TELEX machine, modems

From: gil smith <>
Date: Fri Feb 21 18:22:01 2003

Hi George:

Most Model 32 machines seem to be Telex units; they have a rotary dialer
and four buttons at the front -- but the dialer is not for telephone
numbers (as it is on model 33 TWX machines which can have either a
rotary-dialer or touch-tone-dialer). Telex machines do not communicate
with modem frequencies, but use a speciallized DC signalling scheme,
described below. However, you can drive the unit with a standard current
loop interface. I can put you in touch with someone who has done this, if
you'd like.

If you do not have a dialer, but instead have a blank panel on the right
side (CCU), you have a "private-wire" machine, which is for a simple 20- or
60-mA current loop.

The M32 and M33 are based on the same crappy design, which was targeted for
low-use/low-cost applications, (as opposed to almost every other teletype
model, with bullet-proof parts for 24/7 operation). But I digress.

M32: 5-bit baudot (1-start/2-stop?), 50-baud, ~ $0 to $50
M33: 8-bit ascii (1-start/2-stop/even-parity), 110-baud, ~ $100 to $1200

According to my manual the telex CCU is for what they called
"Circuit-Switching-Service," and the buttons are labelled: START, DIAL,
LOCAL, and CONN(STOP), or possibly labelled: REQUEST, CONN, LCL, and
DISCONN. As I understand it, Telex is a dialup service that uses DC
signaling (no modem) and is 50-baud baudot. Telex was a service Western
Union brought to the US starting in 1958, after it had been used in Europe
for a long time -- the 50-baud was a European standard. I belive that Telex
machines had some sort of line-interface box (not a modem like an M33 twx)
in the stand.

Here's part of the manual description of the four-button
"Circuit-Switching" (Telex) CCU: "The dialer is a conventional telephone
type...contacts open and close to send dialing the idle
condition, there is a positive current of 0.005 ampere in the telegraph
loop. When the calling station operator depresses the START button, it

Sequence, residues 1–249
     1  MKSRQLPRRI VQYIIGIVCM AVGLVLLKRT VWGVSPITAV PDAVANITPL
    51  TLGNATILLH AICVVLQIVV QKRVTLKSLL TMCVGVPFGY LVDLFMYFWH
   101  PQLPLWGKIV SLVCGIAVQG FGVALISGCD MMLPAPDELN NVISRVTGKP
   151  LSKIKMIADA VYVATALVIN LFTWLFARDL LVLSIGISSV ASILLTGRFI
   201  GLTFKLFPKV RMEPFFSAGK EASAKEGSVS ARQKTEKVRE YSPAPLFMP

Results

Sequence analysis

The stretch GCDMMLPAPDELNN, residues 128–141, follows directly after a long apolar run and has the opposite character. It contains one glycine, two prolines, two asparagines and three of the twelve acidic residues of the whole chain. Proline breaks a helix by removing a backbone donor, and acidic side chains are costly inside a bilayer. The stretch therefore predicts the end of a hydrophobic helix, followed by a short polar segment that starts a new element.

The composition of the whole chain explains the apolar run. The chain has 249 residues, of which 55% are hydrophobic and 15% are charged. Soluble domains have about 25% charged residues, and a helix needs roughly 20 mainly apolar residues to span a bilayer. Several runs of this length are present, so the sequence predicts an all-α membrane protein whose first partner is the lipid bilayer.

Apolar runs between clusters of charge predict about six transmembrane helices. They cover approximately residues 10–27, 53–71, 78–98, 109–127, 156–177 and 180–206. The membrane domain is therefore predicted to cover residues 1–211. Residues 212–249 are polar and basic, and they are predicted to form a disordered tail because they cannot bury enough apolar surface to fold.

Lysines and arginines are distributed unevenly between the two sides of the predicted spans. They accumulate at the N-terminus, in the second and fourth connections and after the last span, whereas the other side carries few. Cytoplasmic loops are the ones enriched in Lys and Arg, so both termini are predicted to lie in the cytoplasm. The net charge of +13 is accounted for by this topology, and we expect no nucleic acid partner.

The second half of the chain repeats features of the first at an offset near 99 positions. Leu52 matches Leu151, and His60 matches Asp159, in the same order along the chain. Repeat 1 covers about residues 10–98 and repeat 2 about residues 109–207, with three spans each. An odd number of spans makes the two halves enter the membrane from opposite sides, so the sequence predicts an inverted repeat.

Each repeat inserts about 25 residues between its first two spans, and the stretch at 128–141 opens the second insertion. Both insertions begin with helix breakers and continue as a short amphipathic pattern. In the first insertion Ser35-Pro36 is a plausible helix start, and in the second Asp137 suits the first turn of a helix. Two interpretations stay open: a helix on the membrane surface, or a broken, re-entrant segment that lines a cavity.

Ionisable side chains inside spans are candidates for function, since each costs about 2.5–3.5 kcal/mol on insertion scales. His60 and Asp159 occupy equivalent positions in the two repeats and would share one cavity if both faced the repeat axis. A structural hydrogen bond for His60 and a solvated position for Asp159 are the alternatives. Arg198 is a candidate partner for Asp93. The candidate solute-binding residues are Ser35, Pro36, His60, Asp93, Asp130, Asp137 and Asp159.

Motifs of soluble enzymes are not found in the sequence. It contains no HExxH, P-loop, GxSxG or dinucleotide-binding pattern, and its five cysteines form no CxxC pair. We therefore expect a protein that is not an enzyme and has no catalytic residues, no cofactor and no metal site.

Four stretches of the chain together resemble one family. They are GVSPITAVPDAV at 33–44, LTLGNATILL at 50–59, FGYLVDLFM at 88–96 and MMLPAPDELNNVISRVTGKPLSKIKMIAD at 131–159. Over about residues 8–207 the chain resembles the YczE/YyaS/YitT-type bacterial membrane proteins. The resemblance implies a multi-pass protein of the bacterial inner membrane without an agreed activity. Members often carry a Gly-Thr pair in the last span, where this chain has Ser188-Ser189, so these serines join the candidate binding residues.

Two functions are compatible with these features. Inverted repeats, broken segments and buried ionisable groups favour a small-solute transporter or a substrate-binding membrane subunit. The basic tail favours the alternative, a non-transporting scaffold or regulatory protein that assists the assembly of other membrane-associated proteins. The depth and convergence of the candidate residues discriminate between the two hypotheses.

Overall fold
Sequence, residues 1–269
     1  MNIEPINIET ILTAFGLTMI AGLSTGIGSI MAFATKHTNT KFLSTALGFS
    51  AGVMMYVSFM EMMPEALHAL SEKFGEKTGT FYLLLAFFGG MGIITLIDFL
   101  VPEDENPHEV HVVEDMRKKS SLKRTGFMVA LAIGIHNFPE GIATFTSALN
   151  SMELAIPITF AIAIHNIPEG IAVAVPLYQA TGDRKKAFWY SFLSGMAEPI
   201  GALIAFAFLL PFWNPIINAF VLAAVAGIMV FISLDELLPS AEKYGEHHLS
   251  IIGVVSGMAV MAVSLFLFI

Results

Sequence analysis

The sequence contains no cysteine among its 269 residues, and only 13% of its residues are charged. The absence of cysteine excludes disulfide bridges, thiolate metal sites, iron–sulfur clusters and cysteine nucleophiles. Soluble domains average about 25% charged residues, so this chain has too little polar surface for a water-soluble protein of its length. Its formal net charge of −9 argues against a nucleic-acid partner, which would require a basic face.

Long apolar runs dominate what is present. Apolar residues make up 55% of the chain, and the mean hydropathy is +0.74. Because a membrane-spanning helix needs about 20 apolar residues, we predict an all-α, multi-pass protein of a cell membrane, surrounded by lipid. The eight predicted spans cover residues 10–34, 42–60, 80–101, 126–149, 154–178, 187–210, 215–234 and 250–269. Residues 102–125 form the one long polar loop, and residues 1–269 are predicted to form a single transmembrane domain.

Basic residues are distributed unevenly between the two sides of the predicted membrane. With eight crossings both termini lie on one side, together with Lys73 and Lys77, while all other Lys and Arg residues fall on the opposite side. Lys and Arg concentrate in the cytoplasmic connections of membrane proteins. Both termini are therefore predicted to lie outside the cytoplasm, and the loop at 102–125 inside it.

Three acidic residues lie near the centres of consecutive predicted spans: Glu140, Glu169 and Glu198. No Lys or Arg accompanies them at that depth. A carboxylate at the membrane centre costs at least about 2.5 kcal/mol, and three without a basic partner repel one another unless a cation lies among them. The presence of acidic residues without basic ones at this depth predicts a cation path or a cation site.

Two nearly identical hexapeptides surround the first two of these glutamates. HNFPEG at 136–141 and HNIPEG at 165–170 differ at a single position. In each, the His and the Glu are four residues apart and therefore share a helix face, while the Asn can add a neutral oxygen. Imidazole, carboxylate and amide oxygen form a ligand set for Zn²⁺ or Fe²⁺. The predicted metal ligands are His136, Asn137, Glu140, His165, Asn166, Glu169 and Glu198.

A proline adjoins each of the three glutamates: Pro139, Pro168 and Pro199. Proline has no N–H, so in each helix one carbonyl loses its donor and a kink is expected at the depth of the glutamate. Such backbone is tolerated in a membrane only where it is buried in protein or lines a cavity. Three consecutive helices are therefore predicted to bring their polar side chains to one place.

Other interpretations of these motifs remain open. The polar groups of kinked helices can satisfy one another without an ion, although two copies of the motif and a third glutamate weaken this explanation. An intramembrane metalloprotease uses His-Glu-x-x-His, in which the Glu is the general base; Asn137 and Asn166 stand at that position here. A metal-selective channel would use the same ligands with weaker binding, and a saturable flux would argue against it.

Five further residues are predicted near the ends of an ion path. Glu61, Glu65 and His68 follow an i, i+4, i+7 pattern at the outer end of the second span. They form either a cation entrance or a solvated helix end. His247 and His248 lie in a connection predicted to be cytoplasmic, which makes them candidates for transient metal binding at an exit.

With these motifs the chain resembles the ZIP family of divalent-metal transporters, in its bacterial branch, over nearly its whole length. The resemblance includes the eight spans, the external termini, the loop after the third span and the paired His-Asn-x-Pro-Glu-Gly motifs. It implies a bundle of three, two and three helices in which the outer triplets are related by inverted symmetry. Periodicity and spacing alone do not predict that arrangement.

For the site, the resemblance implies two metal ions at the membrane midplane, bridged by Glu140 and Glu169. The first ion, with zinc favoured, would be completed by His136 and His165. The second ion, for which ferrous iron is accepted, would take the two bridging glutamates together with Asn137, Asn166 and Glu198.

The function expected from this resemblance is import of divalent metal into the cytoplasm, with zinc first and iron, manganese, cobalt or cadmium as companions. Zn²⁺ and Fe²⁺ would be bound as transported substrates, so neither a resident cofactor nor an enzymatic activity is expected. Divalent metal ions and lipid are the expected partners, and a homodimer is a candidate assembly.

causes the shunting of a major portion of the loop resistance, and the loop
current increases to 0.060 ampere. The START button must be held while
switching apparatus in the telegraph exchange is made available. When the
circuit is ready, the telegraph exchange interrupts the 0.060 ampere loop
current for about 0.025 second. This "proceed-to-dial" signal causes the
DIAL lamp to illuminate at the calling station, and it locks the shunt to
the loop resistance so that the operator may release the START button and
proceed to dial the number of the called station...When dialing is
complete, the exchange furnishes the connection and signifies this by
reversing the telegraph loop current from positive to negative, which
causes the typing unit motor to start and the CONN light to illuminate.
Message transmission can now be exchanged between the connected
teletypewriters. The line signals are 0.060 ampere marking and zero current


>From: "George R. Gonzalez" <>
>Hi, I have just bought a nice clean TELEX machine, it's a TTY-32, 5-level
>with what looks like a phone line hookup, dial-type phone.
>I wonder if anybody knows what the modem standard is for this, and/or any
>phone number I could call to test this thingy out!

; vaux electronics, inc. 480-354-5556
; (fax: 480-354-5558)
Received on Fri Feb 21 2003 - 18:22:01 GMT

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